What to eat to beat a hangover
- At the first moment you realize you are experiencing annoyance or anger, just breathe. Ten slow, deep, even breaths do wonders. Sometimes, the annoyance will have passed in just that time.
- Make use of this step when another person is part of the reason you are upset. Try hard to see the situation from their reality and invent a subjective theory for why they did what they did.If you've hit No. 10, it's time to talk about the frustration with someone you trust who is not involved in the situation. Start by telling them what you did in the previous steps and why they didn't fully work.
- This technique is great when my child is making me wait to brush her teeth because she "has" to brush her stuffed penguin's teeth first.
You’re not alone. About 76% of adults may experience some type of hangover after a drinking session, according to a study published in the journal Addiction in 2008.
Hangover symptoms include fatigue, dehydration, a headache or muscle aches, dizziness, shakiness, rapid heartbeat — you get the idea. It’s the worst.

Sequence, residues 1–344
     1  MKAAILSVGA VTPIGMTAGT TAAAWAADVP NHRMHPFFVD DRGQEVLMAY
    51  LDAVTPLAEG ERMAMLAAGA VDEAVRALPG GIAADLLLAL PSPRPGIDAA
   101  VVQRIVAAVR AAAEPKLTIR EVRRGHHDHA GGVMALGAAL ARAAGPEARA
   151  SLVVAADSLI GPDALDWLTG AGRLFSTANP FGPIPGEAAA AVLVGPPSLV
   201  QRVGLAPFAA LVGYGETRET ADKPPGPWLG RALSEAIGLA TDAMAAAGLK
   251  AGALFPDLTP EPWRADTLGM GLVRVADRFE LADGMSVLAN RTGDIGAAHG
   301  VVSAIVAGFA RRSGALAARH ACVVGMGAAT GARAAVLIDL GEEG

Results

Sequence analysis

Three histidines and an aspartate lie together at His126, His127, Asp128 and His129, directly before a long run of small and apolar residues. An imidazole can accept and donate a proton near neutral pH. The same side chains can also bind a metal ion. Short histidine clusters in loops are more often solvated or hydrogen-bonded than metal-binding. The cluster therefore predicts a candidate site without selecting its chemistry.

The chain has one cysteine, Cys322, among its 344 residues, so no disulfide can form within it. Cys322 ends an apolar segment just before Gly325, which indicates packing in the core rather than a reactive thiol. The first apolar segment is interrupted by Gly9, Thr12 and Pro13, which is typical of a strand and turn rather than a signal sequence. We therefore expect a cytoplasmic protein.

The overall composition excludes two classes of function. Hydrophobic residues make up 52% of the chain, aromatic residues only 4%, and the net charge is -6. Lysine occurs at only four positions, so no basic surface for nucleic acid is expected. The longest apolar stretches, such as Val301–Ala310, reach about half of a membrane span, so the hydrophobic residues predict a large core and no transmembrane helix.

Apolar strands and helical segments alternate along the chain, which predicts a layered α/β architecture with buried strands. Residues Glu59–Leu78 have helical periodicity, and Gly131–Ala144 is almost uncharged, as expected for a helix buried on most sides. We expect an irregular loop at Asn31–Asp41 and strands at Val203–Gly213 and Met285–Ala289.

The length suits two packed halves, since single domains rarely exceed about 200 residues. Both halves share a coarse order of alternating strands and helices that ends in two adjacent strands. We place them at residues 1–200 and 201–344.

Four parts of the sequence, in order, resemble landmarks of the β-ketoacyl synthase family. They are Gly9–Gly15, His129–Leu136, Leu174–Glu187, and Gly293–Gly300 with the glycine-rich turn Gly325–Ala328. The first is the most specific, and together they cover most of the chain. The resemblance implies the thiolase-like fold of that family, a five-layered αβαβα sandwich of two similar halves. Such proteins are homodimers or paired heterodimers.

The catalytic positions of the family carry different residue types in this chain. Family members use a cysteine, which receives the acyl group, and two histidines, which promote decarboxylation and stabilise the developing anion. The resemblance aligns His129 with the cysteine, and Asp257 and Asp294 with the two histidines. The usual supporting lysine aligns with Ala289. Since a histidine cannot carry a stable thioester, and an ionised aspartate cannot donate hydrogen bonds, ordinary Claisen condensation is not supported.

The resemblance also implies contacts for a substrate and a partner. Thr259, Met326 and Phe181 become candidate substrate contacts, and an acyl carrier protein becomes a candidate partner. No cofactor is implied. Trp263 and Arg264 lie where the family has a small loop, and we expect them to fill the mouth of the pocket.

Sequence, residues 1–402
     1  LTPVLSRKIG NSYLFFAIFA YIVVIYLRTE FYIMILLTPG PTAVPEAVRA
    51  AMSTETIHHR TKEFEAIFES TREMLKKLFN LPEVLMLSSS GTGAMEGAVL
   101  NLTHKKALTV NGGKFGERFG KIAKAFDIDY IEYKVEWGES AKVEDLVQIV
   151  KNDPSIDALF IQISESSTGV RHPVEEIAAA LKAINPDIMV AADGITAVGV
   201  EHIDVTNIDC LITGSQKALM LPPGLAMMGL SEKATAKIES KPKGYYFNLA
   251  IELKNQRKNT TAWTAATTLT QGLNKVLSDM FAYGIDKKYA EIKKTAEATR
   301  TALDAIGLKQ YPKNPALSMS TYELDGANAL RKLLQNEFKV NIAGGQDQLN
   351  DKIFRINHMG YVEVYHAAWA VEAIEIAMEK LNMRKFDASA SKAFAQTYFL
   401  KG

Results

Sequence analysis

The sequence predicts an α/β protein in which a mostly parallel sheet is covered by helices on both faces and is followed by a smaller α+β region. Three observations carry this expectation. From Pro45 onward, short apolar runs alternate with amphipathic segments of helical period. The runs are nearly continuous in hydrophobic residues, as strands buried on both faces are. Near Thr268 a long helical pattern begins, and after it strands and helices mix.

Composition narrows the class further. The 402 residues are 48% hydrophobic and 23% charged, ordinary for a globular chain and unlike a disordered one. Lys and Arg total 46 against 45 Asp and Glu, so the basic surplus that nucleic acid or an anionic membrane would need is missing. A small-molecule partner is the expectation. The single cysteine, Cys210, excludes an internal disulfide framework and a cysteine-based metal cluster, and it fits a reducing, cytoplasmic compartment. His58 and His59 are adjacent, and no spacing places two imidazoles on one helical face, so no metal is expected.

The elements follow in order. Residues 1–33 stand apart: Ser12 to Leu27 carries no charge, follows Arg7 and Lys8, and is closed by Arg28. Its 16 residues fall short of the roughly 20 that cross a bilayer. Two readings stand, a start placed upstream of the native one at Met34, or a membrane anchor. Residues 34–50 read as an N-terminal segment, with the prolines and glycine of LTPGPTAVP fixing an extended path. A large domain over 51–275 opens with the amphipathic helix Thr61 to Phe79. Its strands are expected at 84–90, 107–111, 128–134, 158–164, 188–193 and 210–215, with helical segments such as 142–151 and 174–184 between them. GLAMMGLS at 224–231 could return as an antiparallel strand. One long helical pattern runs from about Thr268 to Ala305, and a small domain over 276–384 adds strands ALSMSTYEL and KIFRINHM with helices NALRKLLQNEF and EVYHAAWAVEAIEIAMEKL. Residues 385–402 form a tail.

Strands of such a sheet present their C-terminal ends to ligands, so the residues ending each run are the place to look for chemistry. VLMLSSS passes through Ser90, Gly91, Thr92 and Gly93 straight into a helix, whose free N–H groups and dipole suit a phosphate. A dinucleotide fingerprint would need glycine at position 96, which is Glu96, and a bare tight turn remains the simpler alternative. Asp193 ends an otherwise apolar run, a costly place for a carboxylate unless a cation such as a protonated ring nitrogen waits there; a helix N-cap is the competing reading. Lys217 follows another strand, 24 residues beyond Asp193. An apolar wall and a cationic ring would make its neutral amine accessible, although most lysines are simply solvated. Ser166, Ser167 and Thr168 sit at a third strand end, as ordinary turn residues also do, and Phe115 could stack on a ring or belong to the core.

“Just in the previous decade, we are seeing more sophisticated clinical and preclinical research advance our understanding of all that is involved in a hangover,” said Laura Veach, director of specialized counseling intervention services and associate professor at Wake Forest School of Medicine.
“Briefly, we have indications that the immune system and an inflammation response is involved when that hangover alarm goes out, from the central nervous system, when the blood alcohol concentration finally gets to zero,” she said. “The absence of alcohol in the body at that point is often where the hangover symptoms are at their worst.”
So what can be done to both prevent and treat hangovers? It starts with being mindful of what you’re drinking and eating.
Tips to help prevent a hangover
Of course, the best way to ward off a hangover is to not drink, or to drink in moderation, and to be aware of the risks that come with consuming a lot of alcohol.
“Most of the trauma patients I see on a daily basis, who have alcohol-related traumatic injuries, have not heard of risky drinking guidelines,” Veach said.
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